Engage and Assess Your Students with a Snowball Fight

If you haven't had a snowball fight in your 3rd grade, 4th grade, or 5th grade classroom, then you should - and soon!  This was one of my students' favorite activities.  They enjoyed it so much that they didn't realize they were learning and being assessed!

Using Snowball Fights in Upper Elementary Classrooms as a fun way to engage and assess 3rd grade, 4th grade, and 5th grade students

I've talked before about how to use snowball fights to practicing comparing and contrasting, but this fun activity can also be used for a lot more than just that!  I've used snowball fights in upper elementary classrooms to practice prefixes and suffixes, sight words, rounding, fractions, and much more!

How to Have a Snowball Fight

It's pretty simple.  To have a snowball fight, simply give each student a piece of paper with whatever skill you want to practice or assess on it, have students crumple the paper up, and then throw it at each other.  After you stop the snowball fight, each student picks up one of the snowballs and is responsible for the skill on that sheet of paper.  Then, students crumple up their snowball and play again!

There are two main ways I used snowball fights in my classroom to practice certain skills.

  1.  On each snowball, I would write something that students should be able to answer very quickly like a math problem or a sight word.  After the snowball fight, each student would quickly answer the question on their snowball before playing again.  Sometimes I would have students partner up to answer their questions, and other times I would have everybody bring their snowball to the carpet and they would share their answer one at a time so I could quickly assess everybody.

    1. I would hang "category" signs around the room and each snowball would have a number or sentence that would fit in one of the categories.  After the snowball fight, students would open their snowball and decide which category they belonged to.  For example, when we were practicing comparing fractions I would hang the category signs "equals 1/2," "greater than 1/2," or "less than 1/2" around the room.  Each snowball had a fraction on it and after the fight students would stand with their snowball next to the appropriate category sign.  This allowed me to assess very quickly.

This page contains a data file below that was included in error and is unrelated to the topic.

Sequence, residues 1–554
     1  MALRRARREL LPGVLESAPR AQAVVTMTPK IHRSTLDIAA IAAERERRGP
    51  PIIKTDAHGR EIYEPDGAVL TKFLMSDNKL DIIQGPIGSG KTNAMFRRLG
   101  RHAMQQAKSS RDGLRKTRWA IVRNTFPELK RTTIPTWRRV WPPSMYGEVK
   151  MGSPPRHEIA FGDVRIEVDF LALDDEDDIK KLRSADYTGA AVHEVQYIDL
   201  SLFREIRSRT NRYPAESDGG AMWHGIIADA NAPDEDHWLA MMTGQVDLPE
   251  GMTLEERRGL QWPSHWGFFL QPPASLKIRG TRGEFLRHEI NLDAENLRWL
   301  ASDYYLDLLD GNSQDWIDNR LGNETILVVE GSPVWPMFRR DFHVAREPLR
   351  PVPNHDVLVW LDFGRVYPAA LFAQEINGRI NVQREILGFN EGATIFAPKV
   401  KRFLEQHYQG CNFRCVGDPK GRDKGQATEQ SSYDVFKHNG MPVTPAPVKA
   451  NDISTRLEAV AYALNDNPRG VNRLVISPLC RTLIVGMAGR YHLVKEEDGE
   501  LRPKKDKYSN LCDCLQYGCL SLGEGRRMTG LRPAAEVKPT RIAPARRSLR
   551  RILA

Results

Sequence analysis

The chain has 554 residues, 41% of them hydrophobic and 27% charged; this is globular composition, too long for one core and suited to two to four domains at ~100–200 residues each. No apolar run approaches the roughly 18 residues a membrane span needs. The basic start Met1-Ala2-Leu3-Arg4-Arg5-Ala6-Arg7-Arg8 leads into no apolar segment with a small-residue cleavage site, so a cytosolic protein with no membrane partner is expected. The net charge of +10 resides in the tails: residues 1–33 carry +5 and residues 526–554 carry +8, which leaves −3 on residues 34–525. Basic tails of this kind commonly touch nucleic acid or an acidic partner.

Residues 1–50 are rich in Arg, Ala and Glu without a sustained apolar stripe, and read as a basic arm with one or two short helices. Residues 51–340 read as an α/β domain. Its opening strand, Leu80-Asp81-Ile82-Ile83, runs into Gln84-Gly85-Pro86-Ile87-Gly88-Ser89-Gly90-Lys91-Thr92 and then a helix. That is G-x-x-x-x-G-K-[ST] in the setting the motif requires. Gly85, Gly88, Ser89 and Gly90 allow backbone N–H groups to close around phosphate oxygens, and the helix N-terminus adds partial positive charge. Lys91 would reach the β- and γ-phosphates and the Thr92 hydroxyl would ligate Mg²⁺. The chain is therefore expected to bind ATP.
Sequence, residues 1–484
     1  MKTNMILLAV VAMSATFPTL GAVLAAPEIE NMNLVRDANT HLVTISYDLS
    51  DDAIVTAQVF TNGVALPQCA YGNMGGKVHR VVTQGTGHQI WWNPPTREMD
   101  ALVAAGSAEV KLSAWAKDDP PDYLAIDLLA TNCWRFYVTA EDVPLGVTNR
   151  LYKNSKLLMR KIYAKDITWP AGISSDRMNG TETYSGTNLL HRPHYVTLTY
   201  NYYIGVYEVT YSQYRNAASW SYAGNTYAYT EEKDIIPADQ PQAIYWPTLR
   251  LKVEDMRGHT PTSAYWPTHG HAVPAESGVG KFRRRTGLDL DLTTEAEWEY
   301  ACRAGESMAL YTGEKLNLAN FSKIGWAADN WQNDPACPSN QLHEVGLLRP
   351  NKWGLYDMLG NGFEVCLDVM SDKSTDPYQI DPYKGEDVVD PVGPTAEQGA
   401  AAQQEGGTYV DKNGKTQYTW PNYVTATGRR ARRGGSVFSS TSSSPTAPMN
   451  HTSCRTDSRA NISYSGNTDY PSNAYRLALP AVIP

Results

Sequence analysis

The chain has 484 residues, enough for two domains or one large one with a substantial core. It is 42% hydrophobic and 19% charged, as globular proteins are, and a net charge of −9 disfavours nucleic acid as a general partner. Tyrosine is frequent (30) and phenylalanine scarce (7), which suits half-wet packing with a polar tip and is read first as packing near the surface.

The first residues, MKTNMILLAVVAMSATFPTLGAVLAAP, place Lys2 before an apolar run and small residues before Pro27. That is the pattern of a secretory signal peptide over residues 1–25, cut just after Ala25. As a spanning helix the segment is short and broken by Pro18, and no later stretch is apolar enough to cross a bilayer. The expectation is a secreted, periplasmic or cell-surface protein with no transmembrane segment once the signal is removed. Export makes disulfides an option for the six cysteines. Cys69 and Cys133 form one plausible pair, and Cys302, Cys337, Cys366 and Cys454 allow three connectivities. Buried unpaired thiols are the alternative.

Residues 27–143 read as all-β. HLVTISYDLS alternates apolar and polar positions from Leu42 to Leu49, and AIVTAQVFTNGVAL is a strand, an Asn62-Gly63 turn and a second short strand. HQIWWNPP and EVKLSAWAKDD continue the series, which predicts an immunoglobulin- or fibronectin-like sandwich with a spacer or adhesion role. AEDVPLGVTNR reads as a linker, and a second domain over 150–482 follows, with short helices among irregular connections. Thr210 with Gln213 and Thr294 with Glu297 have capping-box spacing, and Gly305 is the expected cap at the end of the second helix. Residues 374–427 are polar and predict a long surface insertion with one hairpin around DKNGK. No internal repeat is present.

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    Why to Have Snowball Fights

    In case you need convincing, here are 5 reasons to have snowball fights with your upper elementary students.

    •  Let's get the obvious reason out of the way - students absolutely love having snowball fights.  Even your shy, introverted students will enjoy throwing paper across the room.  My students loved this so much, that I actually used it as a reward - a reward where students were still learning!
    • It makes a great brain break.  When students are throwing the snowball around, they are getting to relax their brain.  Since you control how long the snowball fight lasts, you can make it quick or make it last longer depending on your students' needs at the time.
    • Students get to release some of their extra energy.  I didn't allow my students to run during the snowball fight (see the tips below), but they were still constantly bending over and standing up and throwing and walking around the classroom.  After a longer snowball fight, many of my boys would be exhausted.
    • You can assess your students quickly!  Depending on what and how you are assessing your students, sometimes all it takes is a quick glance around the room and you'll know almost immediately who needs more practice.
    • This can be a fairly low prep - or no prep - activity.  Preparing the snowballs yourself can take a little time.  However, sometimes I would have students prepare the snowballs themselves.  For example, if we were practicing multiplication, I would have each student write a multiplication problem on their snowball before crumpling it up.